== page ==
I get sticking with a brand for one or two iterations of a bad product, but how did to get to using six or seven? Did they start out good and get worse over time?

Grant Watkins's picture

Enjoy those proprietary formatted drives so when your Drobo fails, you have to buy another Drobo.

Stefan Radtke's picture

Just went through all of that: Drobo, Qnap, Synology, Lacie 2big or Seagate BackUp Plus. Decisions decisions.

Result: I ordered 3 more 8TB Seagate BackUp Plus units for finished projects. I had been using those for years, and I added a mobile 2TB SSD for current projects. Three 8TB drives for $375. Eat that Drobo. GoodSync keeps two drives at the studio and one at home automatically updated. Done.

Drobo I heard too many negative stories. Plus it’s not really a backup system. When the box is dead, the data on the drives is most likely dead as well, unless you buy a new Drobo. Synology and Qnap are mainly designed for multiuser environments. They are overkill for a 2 people still photography show with some 2K video work. And LaCie charges a crazy premium for the design and they are loud as hell. Keep it simple.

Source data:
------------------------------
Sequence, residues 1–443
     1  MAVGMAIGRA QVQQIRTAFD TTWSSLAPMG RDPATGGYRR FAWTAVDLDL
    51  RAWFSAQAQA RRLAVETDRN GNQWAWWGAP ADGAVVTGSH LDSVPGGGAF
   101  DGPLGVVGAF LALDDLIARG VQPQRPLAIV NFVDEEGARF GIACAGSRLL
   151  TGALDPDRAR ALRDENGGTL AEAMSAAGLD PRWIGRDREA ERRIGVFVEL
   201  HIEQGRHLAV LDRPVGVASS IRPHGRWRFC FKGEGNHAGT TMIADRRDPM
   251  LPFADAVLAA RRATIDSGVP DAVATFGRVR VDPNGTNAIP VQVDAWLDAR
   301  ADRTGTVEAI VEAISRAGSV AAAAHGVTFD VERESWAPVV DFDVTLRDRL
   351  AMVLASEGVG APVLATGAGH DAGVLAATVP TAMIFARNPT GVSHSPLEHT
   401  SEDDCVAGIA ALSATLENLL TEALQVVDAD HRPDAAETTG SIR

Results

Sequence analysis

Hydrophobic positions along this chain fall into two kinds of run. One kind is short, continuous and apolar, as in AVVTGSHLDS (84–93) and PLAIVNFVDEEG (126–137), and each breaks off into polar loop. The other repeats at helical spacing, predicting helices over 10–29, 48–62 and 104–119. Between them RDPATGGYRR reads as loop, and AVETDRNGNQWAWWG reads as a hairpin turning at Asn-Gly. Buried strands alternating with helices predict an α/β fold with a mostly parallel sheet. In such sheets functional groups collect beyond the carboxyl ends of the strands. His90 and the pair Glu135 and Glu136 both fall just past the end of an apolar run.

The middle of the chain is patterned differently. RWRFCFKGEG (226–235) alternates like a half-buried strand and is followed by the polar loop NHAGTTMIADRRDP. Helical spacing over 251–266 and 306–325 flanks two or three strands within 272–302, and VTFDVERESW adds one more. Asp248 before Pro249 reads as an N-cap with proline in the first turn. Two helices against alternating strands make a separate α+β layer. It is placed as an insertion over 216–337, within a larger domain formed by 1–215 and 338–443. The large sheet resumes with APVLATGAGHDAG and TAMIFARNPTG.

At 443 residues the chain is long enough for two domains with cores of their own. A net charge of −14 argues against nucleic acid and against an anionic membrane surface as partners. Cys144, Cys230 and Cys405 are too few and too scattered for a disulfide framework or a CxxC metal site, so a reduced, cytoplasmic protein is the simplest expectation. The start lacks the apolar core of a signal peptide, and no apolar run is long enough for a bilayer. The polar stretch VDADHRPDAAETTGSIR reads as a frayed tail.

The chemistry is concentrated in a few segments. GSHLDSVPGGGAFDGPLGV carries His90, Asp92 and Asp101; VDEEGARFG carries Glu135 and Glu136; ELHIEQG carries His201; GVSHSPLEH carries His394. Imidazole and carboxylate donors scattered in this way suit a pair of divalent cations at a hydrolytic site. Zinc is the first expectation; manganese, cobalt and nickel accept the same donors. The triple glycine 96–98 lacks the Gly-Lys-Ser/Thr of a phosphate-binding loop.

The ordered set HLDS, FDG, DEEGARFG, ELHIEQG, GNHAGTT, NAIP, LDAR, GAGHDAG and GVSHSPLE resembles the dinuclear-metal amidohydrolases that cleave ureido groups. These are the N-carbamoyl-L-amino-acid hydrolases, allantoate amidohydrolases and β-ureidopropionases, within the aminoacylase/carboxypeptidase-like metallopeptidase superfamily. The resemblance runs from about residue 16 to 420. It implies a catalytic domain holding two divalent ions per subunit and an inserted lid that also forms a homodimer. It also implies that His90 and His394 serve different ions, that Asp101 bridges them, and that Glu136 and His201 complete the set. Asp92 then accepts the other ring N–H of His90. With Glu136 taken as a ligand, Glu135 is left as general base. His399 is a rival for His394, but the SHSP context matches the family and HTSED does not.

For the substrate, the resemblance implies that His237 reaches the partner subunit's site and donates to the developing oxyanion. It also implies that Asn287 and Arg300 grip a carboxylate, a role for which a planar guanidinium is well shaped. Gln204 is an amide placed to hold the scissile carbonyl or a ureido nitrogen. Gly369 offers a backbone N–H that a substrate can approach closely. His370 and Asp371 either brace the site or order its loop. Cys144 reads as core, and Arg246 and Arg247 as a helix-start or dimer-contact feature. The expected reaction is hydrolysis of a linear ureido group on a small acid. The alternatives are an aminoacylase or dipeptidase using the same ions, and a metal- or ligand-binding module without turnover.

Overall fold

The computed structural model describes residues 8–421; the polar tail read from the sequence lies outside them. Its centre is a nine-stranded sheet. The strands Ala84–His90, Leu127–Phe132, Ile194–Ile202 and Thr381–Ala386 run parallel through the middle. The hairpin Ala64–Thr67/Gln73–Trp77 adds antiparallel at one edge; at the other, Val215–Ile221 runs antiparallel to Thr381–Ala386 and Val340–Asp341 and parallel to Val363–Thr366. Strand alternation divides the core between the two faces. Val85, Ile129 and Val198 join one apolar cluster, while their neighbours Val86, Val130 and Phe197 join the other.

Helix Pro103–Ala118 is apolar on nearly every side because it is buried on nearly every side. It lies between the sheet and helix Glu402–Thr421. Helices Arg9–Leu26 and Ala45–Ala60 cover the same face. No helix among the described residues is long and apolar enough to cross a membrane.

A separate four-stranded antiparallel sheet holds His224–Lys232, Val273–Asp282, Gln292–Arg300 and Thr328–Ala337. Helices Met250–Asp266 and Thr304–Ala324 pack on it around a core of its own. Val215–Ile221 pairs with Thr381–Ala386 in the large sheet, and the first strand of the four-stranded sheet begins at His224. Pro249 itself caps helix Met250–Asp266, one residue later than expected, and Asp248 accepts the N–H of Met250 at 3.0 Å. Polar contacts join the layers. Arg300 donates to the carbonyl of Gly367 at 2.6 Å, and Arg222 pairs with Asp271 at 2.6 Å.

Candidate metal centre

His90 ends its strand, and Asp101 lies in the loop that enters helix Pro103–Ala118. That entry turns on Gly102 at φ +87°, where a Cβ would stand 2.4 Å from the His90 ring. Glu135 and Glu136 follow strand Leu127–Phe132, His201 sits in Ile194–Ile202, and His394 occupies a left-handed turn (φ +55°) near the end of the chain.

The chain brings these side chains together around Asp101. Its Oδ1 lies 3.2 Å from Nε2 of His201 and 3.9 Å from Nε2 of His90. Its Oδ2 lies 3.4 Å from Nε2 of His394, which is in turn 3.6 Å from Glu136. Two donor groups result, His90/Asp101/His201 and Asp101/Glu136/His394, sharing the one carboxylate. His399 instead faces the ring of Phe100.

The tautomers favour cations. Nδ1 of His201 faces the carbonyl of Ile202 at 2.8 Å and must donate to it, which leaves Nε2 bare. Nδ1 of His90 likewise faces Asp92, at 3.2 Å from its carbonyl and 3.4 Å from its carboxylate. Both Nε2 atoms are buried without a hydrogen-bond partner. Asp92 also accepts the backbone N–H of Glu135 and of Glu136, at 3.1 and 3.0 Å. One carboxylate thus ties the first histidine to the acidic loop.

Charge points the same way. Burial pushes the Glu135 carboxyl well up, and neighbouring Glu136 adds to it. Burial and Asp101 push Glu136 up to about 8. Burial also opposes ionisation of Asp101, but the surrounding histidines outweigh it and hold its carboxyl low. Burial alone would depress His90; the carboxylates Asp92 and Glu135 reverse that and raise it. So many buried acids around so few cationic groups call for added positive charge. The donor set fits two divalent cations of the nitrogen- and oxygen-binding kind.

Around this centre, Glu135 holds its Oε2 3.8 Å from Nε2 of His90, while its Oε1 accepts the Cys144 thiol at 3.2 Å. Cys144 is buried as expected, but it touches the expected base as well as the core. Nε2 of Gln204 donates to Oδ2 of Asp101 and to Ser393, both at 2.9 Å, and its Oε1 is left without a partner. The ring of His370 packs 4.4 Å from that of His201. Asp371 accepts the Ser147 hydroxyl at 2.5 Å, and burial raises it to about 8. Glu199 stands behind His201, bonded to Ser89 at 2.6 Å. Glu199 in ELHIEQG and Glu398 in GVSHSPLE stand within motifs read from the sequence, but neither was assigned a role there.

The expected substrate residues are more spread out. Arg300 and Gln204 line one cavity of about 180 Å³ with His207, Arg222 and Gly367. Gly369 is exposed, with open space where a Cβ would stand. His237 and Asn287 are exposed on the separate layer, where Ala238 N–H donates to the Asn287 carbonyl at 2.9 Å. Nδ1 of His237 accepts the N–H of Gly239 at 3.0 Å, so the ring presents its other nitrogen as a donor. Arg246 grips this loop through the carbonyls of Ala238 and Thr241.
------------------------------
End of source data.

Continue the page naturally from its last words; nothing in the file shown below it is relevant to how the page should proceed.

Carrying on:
darrell miller's picture

thats not entirely true. i've been using drobos for years. I had one drobo chassy die. i called support, they sent me a new one. I moved the drives from the dead one to the new one, and it came right back up. all data intact.

Drobo, Synology, and QNAP have big multiuser models, but they also have smaller units for single use or smaller environments. Pick the right tool for you, but check out the drobo 5C and 5D. both are nice and economical. i've been using them for years.

Dang ...this reads like a press release.
Why no mention of all of the bad press and bad experiences people have had with Drobo and how Drobo has fixed those worries. That would help the potential buyer figure why should I give Drobo a chance over Synology.
I foolishly still use dumb old large drives backing up each other but 2 colleagues of mine bought Synology and Drobo about 7-8 years ago? The Drobo is now a doorstop and they both have Synology. One day I will do the RAID after I have a catastrophic failure... :(

No. Please don't buy one. Ever. It's a long story but I had a horrendous experience. Bought a Synology. Super happy ever since.

Drobo. Never again.

RAID does not equal fail proof no matter how it's implemented. Redundancy comes in many different means, I'd never trust just a single NAS unit implementation.

Nick Rains's picture

Fast? That readout shows 6MB/s read and 179 MB/s write. The write is OK-ish but 6MB/s read? That's gotta be wrong. In comparison a RAID5 unit with four drives and 10GbE (or TB3) connections should run up to 500MB/s in both directions.

Adam Ottke's picture